Very Long Baseline Interferometry, or VLBI, is a powerful technique in radio astronomy. By linking together widely separated radio telescopes, VLBI allows astronomers to see the universe in more detail than ever. With radio dishes that are effectively as large as entire countries, we can peer into the hearts of black holes, map the surfaces of stars, and even track the drift of continents right here at home.
One of things that limits how much detail you can see through a telescope is the size of the primary mirror (or in a refracting telescope, the size of the objective lens). The same is true with radio telescopes, only instead of a mirror, they use large sheets of metal to focus radio waves from deep space. The bigger the mirror, lens, or antenna, the more detail you’ll be able to see. This is one of the reasons that astronomers are forever in a race to build bigger and bigger telescopes.
The diameter of that all-important mirror limits what you can see. Sometimes, when I set a telescope up on a sidewalk and point it at the moon, passers-by ask if they can see the Apollo landers. When I point out that, no, we would need a much larger telescope to do that, they frequently ask if something like the Hubble Space Telescope could do it. That’s powerful enough, right?
The truth is, there is no telescope anywhere on Earth that can image the lunar modules sitting on the moon’s surface. To do that, you would need a telescope with a mirror roughly 60 meters (200 feet) across! That’s just a bit smaller than a 747. Hubble, on the other hand, has a mirror a mere 2.4 meters in diameter. The largest telescopes on the planet have 10 meter mirrors.
So clearly, bigger telescopes are better. And there are telescopes in the works with mirrors that are an impressive 30 meters across. But at some point, it becomes impractical. This is where the science of interferometry can help!
If you place two telescopes 100 meters apart and combine their light, you can see the same amount of detail as a single 100 meter wide telescope! Two telescopes working in tandem like this are called an “interferometer” – they use the interference of light waves from the two telescopes to unravel exquisitely fine detail.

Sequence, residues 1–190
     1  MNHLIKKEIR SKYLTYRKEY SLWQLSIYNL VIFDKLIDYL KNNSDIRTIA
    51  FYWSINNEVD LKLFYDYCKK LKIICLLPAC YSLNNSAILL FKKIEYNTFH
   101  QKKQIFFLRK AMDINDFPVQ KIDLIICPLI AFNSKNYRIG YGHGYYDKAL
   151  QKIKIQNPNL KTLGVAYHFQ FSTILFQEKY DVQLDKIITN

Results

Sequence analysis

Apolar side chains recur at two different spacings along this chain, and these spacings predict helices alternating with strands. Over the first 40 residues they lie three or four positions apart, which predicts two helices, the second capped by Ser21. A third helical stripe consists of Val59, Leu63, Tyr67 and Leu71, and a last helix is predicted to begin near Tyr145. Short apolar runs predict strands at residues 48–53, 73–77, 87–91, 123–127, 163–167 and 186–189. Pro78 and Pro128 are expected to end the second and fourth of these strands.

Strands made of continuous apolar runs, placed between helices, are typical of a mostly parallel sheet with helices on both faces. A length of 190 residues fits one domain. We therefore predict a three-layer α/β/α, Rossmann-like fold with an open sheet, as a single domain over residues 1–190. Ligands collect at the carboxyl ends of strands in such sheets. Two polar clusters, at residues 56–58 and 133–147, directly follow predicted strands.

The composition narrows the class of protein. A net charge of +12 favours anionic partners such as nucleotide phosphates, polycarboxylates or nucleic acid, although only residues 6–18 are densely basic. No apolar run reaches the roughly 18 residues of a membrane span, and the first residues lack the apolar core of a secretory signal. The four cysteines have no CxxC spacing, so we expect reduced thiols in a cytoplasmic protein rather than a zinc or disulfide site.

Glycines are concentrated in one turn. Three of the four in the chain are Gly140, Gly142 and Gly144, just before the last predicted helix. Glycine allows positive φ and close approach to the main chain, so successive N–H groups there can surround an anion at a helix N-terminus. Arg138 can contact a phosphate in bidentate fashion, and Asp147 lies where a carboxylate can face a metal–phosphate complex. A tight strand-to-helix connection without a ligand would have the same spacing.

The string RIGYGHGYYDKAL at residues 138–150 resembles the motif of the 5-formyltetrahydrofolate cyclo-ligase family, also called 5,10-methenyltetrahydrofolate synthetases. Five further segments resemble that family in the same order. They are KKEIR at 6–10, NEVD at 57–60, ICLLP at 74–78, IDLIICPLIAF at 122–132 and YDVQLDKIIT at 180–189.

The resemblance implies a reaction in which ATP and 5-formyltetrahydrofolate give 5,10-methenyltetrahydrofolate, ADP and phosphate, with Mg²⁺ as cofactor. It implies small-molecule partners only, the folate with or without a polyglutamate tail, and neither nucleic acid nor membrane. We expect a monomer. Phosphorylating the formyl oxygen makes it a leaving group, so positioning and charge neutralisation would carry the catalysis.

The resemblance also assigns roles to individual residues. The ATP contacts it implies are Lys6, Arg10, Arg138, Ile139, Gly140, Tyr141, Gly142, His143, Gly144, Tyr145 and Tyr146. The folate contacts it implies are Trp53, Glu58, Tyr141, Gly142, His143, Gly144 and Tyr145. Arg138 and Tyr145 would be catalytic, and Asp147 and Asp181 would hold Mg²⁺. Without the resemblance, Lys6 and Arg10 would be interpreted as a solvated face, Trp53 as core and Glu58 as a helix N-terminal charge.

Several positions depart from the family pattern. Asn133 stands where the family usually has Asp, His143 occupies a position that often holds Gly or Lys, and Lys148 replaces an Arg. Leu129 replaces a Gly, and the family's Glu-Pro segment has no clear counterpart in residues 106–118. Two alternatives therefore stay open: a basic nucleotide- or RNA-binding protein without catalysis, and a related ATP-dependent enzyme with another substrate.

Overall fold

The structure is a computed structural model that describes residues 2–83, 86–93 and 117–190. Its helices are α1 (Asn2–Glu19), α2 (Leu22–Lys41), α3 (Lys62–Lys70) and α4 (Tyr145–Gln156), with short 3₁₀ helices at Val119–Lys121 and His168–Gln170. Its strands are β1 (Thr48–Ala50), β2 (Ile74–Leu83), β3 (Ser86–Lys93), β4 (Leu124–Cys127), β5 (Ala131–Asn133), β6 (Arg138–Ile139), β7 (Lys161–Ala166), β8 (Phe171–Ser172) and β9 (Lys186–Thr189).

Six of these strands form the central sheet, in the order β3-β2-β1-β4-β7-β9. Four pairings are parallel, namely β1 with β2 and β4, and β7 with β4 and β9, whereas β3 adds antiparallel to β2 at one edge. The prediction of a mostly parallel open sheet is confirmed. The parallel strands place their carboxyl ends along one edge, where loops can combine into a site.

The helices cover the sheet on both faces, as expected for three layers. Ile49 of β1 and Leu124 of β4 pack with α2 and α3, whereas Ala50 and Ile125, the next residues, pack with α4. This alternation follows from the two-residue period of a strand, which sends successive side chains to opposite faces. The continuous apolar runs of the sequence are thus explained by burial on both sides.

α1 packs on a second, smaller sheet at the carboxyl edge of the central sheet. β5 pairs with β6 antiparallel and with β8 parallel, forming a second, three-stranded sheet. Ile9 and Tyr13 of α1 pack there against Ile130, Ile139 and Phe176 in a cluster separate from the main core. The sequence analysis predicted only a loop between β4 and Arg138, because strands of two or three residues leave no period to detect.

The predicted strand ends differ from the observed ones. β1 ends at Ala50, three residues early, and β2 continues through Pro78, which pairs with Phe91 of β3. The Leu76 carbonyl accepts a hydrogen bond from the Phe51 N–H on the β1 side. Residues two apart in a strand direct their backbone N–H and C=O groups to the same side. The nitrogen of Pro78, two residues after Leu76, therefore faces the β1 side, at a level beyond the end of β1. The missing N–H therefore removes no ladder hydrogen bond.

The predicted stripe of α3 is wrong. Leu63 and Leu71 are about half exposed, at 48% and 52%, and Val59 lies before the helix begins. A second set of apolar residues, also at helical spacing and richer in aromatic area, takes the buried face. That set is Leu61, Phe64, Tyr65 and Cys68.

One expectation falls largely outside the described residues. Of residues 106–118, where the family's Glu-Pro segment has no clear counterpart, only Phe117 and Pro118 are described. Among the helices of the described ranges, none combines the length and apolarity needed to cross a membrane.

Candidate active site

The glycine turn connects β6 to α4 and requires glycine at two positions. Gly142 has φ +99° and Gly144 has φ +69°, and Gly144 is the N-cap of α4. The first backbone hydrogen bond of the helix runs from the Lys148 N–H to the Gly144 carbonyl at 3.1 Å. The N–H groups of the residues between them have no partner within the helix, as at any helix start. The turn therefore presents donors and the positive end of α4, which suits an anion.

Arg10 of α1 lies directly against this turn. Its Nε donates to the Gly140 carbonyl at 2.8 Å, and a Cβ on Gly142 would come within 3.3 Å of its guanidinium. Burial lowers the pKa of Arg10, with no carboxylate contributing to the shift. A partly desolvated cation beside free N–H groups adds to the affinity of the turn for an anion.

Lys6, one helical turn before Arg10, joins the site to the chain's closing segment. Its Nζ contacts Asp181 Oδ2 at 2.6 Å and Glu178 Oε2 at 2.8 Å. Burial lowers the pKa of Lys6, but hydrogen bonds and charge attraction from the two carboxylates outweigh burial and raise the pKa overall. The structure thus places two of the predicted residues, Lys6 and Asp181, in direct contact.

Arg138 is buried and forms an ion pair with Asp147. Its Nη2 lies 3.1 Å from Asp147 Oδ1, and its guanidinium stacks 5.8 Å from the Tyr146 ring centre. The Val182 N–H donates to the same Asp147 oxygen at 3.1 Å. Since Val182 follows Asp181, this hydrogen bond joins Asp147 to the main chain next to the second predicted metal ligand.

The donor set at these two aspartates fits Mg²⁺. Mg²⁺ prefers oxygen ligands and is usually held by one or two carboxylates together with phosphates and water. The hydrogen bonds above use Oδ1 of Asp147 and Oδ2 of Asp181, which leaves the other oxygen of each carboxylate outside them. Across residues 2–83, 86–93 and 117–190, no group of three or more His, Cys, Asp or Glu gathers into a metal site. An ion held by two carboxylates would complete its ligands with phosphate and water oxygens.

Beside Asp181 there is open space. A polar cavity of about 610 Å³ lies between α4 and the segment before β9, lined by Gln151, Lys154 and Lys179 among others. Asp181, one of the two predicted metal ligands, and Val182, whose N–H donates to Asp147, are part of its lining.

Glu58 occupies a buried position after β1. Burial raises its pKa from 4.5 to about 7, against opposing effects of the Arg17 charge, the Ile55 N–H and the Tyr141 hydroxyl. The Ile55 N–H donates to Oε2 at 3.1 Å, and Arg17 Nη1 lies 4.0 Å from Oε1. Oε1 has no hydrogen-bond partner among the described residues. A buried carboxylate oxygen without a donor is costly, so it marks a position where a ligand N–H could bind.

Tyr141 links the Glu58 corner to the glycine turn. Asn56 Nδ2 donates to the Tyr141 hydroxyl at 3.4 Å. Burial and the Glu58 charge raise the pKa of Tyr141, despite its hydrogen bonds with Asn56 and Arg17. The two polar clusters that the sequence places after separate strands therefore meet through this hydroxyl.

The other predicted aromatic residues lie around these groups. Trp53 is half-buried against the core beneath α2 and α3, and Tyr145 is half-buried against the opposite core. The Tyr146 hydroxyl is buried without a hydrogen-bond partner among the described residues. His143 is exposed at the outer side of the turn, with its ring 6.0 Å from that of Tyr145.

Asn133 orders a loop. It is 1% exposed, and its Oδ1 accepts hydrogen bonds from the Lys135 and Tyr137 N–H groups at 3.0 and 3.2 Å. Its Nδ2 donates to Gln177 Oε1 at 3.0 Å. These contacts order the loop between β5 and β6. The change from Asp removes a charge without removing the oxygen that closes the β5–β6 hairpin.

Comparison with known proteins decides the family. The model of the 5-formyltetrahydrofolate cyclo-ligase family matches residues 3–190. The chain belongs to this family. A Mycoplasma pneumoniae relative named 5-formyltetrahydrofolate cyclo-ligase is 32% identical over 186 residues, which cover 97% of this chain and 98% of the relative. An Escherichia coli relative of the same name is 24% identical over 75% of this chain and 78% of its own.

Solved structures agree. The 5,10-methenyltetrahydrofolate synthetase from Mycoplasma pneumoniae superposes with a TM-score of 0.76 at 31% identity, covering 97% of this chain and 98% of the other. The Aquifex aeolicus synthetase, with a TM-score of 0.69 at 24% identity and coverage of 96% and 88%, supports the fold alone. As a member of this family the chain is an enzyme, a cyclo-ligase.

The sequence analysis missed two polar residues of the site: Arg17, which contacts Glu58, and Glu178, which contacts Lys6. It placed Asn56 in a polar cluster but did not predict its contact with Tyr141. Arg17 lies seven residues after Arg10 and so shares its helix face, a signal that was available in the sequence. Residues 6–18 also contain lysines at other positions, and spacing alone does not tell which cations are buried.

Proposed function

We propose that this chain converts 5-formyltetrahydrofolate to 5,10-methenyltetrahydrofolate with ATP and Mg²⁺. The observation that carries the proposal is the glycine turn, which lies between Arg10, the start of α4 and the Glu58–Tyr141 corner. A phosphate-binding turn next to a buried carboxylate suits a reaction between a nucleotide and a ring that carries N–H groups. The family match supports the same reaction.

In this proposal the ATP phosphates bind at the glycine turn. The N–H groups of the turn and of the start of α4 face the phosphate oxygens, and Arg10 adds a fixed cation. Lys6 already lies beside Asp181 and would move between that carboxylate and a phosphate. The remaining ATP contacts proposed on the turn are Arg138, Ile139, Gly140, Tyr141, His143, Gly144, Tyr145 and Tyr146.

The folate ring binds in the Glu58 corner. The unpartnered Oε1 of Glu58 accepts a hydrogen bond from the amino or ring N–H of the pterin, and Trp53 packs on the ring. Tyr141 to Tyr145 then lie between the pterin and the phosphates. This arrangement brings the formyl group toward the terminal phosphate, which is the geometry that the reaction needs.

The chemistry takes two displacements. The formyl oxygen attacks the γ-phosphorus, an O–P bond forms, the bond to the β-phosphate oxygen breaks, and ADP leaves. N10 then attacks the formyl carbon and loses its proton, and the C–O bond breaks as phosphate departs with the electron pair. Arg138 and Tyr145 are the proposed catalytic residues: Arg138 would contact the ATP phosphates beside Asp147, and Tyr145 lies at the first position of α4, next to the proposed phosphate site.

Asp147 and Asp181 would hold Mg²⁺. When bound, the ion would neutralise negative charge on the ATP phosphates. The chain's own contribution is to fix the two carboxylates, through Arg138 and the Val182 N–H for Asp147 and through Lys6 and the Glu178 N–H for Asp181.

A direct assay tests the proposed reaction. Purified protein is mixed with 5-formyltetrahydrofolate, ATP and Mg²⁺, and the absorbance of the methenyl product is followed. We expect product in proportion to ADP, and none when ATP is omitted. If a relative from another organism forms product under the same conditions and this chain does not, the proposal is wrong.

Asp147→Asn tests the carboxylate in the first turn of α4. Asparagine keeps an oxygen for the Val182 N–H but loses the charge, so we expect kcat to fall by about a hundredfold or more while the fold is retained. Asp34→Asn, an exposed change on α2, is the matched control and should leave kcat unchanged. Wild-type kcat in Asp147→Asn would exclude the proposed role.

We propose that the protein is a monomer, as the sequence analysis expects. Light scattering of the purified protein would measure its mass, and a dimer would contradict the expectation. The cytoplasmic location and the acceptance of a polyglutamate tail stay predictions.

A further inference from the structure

With optical or infrared light, the telescopes in an interferometer must be physically connected through a series of tubes called “delay lines”. Using radio telescopes, however, allows astronomers to record the signals from the antennae and then combine the light in computers at some later time. This offers a huge advantage: there is no limit to the distance between the telescopes!
VLBI can combine the light from radio telescopes placed on opposite sides of the world. One of the largest systems is the appropriately named Very Long Baseline Array (VLBA). Ten telescopes – stretching from Hawai’i to the Virgin Islands – all work together to create a radio telescope that is more than half the size of Earth! When brought together, all ten telescopes steer to the same distant object, combine the data in powerful computers with the aid of phenomenally precise atomic clocks, and see the cosmos in greater detail than ever before.
Since the telescopes don’t need to be physically connected, the sky is truly the limit in terms of telescope placement. Imagine placing one in orbit around Earth! Or launching a flotilla of radio telescopes into space to work as a single interferometer several times larger than our planet. And if you really want to dream big, why not place some telescopes on the Earth while placing others on the far side of the Moon? You would then have a quarter of a million miles wide radio telescope! The resolving power of such a setup would be the equivalent of standing in Los Angeles and reading a newspaper placed in Washington, D.C.
VLBI is a versatile tool. The techniques that allow it to trace the motions of gas in distant galactic clusters can also be used to record the motions of our own planet. If two telescopes on opposite sides of a continent are both pointing at the same distant quasar, for example, the light from the quasar will reach one telescope before it reaches the other. With precise clocks, you can use that time delay to accurately measure the distance between the telescopes. Do that repeatedly, and you can monitor how that distance changes over time. Remarkably, geologists can use radio signals from quasars billions of light-years away to watch the slow drift of tectonic plates!
Very Long Baseline Interferometry – VLBI – is a phenomenally complex but powerful tool. By linking together radio telescopes from around the world, astronomers can see the Universe in unprecedented detail. VLBI networks have studied exploding stars and powerful gas jets driven by supermassive black holes in the hearts of galaxies. And that same technology lets us peel away the inner structure of our planet and determine our orientation in space.
What will the next generation of ever larger VLBI networks reveal about the distant Universe or even the ground beneath our feet?
Christopher has a Ph.D. in astronomy from the University of California, Los Angeles. After eight years of searching for exoplanets, probing distant galaxies and exploring comets, Chris realized he enjoyed talking about astronomy a lot more than actually doing it. After being awarded a 2013 AAAS Mass Media Fellowship to write for Scientific American, he left a research career at the U.S. Naval Observatory to pursue a new life writing about anything and everything within the local cosmological horizon. Since 2014, he's been working with Science News.